In his last column, Lee Waldman looked at his return to racing. While his results were not up to expectations after getting a flat in the Crusher in the Tushar, his performance at the race showed that he had what it took to start a cyclocross season off well. Today he looks back on a lifetime of racing, and what it means to get to the start line at the age of 65.
by Lee Waldman
I’m 65 years old with two grandchildren and another on the way. Bottom line: I’ll never be as fast or as strong as I’d like to be, or as I was 10 years ago. No one is ever going to pay me to race my bike, nor should they. But you know what, I’ve learned that there’s a certain beauty in aging. That’s a pretty bold statement and many of you reading this are still young enough to not have noticed the signs of aging. So my advice to you is to copy it, put it in a safe place and come back to it at some future time. For the rest of you, keep reading. I’m sure that you’ve had the same experience that I’ve had as you grow older. Injuries take longer to heal. There are more aches and pains in the mornings. Yet that competitive fire is still burning.
When I was younger I felt like I simply had to race every chance I got. My goal was to become a strong Cat. 1 / 2 rider. Kind of unreachable considering I didn’t start racing my bike till I was 30. But, still, I was certain that if I just worked a little harder, trained a little longer, raced more often, I’d eventually make it. Well, time got in the way and I never really reached that goal. It bothered me for a time. Now that I’ve matured a bit I’ve begun to realize that the chances I have to simply ride my bike is a gift. Racing is just the icing on the cake and I don’t need to race every race every weekend. Like many other things in my life, I’ve begun to incorporate the “life is too short” philosophy. So I now give myself permission to race when and if it sounds like fun. Other days I’m content to just ride my bike.
As a younger rider I never had the experience that I’ve had in the last couple of years. It keeps me on the bike even on those rare days when I find it difficult to find the motivation to train. During cross season I race with men who are close to my age, at least they’re within a decade or two. However, during the summer “off season”, I end up riding endurance events where, even though I do race in my age category, we often start “en mass”. A variety of age groups start together. The separations come as the race develops. The only way to tell one age group from the next is by looking at the calf marking which often shows the rider’s age. More than once I’ve found myself coming up on a rider from a younger age group.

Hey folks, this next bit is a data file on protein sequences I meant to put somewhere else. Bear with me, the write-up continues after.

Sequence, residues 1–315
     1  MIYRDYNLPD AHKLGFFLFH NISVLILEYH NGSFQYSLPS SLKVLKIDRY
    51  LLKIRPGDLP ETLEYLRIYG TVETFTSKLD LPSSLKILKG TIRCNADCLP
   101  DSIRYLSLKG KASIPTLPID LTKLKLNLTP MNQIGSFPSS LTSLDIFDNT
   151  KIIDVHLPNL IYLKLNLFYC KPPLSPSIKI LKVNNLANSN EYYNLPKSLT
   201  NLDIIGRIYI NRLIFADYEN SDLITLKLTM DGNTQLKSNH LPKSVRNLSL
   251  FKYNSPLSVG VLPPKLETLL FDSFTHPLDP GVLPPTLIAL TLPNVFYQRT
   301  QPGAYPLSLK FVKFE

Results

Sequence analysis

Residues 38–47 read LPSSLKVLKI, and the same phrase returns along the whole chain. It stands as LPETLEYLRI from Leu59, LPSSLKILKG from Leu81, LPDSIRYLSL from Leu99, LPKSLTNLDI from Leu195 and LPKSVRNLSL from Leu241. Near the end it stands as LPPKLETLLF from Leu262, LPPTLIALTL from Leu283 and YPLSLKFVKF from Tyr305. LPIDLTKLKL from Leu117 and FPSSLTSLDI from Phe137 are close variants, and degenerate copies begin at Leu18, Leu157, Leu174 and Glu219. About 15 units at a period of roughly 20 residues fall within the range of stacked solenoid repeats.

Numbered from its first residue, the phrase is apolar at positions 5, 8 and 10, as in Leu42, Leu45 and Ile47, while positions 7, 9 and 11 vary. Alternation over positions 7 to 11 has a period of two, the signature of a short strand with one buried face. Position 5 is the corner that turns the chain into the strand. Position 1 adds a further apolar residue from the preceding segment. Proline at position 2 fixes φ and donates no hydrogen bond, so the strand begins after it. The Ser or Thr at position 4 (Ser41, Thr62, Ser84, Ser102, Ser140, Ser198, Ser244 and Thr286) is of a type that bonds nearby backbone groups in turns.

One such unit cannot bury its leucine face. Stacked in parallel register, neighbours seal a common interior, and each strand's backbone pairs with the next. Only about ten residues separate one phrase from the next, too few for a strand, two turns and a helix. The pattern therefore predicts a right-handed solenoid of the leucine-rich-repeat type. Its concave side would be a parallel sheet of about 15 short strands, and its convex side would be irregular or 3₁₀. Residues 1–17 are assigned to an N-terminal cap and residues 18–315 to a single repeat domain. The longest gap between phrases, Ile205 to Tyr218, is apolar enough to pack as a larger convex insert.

As I roll by, trying my best to look more relaxed than I feel, I often hear, “Damn, I hope I’m doing this when I’m your age!” If I’m ever searching for a reason to continue flogging myself, those 10 words do the trick every time. Whether I’m winning, or just surviving I can take solace in the fact that: 1) at least for that one moment in time I’m as fast as someone decades younger than I am, and more importantly, 2) I have, in some small way, become a role model for another person.
I think that the most powerful aspect of being an aging athlete is simply that sport, no matter what it is, makes us feel younger! Every morning, as I look at myself in the mirror I can see the indicators that I’m growing older, but I don’t feel older. I still find joy in simple things like watching the sun turn the clouds different shades of pink, orange and violet. And as morbid as it may sound to some of you, I’m thankful for the opportunity to experience it.
At the end of the day, sitting on the deck watching a similar scene in reverse I’m grateful that I’ve had another day. I’ve been able to find fulfillment in completing a long, arduous climb. I’ve loved the feeling of being drenched in sweat knowing that there are only a select number of people my age who are capable of doing what I’ve just done. Crossing the line at the finish of a hard cross race, no matter what place I’ve come in, I can, again celebrate the simple fact that I’ve just done something that most men my age can’t do. And I’ve done it with some style.
So, I am 65, and I’m a grandpa. Not such a bad place to be. I can still ride my bike. I can still toe the line and test myself. But I also know myself well enough to know that results don’t define me. I’m defined by the fact that I can do these things and I can do them well.